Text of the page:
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Native name: Кетой
NASA picture of Ketoy Island
Kuriles Ketoy.PNG
Location Sea of Okhotsk
Coordinates 47°21′00″N 152°28′30″E / 47.35°N 152.475°E / 47.35; 152.475
Archipelago Kuril Islands
Area 73 km2 (28 sq mi)
Highest elevation 1,172 m (3,845 ft)
Highest point Ketoy
Population 0
Ethnic groups Ainu (formerly)

Ketoy (or Ketoi) (Russian: Кетой; Japanese 計吐夷島; Ketoi-tō) is an uninhabited volcanic island located in the centre of the Kuril Islands chain in the Sea of Okhotsk in the northwest Pacific Ocean.


Ketoy is roughly circular with an area of 73 km² [1] and a diameter of 10 km. Its name is derived from the Ainu language for "skeleton" or "bad".

The island is a complex stratovolcano lined with steep cliffs ranging from 30 metres to 60 metres on the east and south sides with the west and north being taller. The beaches on the island consist of boulders and stones. In the centre of the island is a 1.5 km wide caldera filled by a freshwater caldera lake. The terrain is undulating and steep with numerous hills, rising to two main peaks:

  • Ketoy -(Russian: влк Кетой; Japanese 計吐夷岳; Ketoidake) with a height of 1,172 meters [2] to the east of the central caldera lake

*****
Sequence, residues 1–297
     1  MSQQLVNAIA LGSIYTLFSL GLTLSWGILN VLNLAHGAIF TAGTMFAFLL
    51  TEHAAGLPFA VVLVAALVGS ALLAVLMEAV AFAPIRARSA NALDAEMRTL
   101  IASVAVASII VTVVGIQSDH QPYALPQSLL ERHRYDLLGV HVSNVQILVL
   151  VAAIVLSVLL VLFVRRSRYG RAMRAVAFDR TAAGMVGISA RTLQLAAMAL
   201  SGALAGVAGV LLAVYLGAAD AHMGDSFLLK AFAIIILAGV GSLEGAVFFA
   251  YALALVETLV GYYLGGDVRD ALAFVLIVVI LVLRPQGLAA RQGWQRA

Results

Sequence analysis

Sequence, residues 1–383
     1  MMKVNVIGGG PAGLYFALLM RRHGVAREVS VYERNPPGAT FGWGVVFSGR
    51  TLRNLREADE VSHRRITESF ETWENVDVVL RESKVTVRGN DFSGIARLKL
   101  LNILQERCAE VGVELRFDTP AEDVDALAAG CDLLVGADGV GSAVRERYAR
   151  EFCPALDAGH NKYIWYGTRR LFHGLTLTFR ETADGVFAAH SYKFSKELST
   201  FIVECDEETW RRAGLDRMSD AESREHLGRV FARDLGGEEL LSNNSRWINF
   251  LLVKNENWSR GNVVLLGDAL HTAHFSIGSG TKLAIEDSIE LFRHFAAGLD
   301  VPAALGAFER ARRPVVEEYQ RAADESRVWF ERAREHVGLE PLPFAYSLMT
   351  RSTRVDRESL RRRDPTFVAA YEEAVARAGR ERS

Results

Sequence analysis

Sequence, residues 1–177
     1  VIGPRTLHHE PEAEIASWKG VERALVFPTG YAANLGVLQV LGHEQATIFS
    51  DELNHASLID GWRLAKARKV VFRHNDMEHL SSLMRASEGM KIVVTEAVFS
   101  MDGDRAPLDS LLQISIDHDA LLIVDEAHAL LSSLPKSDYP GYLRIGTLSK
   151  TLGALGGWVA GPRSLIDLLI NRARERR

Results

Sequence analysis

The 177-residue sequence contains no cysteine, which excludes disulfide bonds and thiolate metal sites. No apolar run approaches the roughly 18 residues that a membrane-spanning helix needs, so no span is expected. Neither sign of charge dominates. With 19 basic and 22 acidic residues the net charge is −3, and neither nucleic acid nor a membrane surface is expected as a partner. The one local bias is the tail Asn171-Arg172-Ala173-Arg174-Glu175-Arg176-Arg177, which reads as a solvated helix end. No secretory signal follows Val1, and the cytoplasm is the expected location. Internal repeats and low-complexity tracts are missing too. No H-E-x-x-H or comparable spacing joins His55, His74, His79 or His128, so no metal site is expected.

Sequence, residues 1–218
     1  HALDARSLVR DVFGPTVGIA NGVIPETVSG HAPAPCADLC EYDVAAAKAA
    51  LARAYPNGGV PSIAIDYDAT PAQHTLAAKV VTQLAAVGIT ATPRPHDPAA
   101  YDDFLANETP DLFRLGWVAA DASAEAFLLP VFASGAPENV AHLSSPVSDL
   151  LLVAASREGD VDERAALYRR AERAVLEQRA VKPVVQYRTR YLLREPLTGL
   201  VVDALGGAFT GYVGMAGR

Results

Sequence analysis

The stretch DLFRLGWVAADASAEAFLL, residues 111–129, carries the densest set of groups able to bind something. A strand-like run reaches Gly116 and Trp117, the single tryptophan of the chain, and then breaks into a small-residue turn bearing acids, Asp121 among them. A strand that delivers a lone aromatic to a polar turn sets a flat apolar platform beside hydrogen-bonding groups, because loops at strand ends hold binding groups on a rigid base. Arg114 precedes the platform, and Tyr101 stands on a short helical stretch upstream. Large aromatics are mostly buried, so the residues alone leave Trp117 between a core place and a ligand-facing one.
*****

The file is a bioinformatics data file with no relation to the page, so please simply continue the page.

• Pallas -(Russian: влк Палласа; Japanese 白烟山; Shirokemuriyama) with a height of 993 meters in the center of the island. Pallas also has a caldera lake, with a diameter of approximately 550 meters.

Ketoy is still an active volcano. A major eruption occurred from 1846 to 1847, with the last known eruption in 1960, and August 9, 2013.[3]


Ketoy had no permanent habitation prior to European contact, but was visited in summer by the Ainu tribes from Rasshua for hunting. Claimed by the Empire of Russia, sovereignty was passed to the Empire of Japan per the Treaty of Saint Petersburg along with the rest of the Kuril islands. The island was formerly administered as part of Shimushiro District of Nemuro Subprefecture of Hokkaidō. After World War II, the island came under the control of the Soviet Union, and is now administered as part of the Sakhalin Oblast of the Russian Federation.

See also[edit]


External links[edit]

Further reading[edit]

  • Gorshkov, G. S. Volcanism and the Upper Mantle Investigations in the Kurile Island Arc. Monographs in geoscience. New York: Plenum Press, 1970. ISBN 0-306-30407-4
  • Krasheninnikov, Stepan Petrovich, and James Greive. The History of Kamtschatka and the Kurilski Islands, with the Countries Adjacent. Chicago: Quadrangle Books, 1963.
  • Rees, David. The Soviet Seizure of the Kuriles. New York: Praeger, 1985. ISBN 0-03-002552-4
  • Takahashi, Hideki, and Masahiro Ōhara. Biodiversity and Biogeography of the Kuril Islands and Sakhalin. Bulletin of the Hokkaido University Museum, no. 2-. Sapporo, Japan: Hokkaido University Museum, 2004.


  1. ^ "International Kuril Island Project(IKIP)". University of Washington Fish Collection or the respective authors. 
  2. ^ "Global Volcanism Program". Smithsonian National Museum of Natural History. 
  3. ^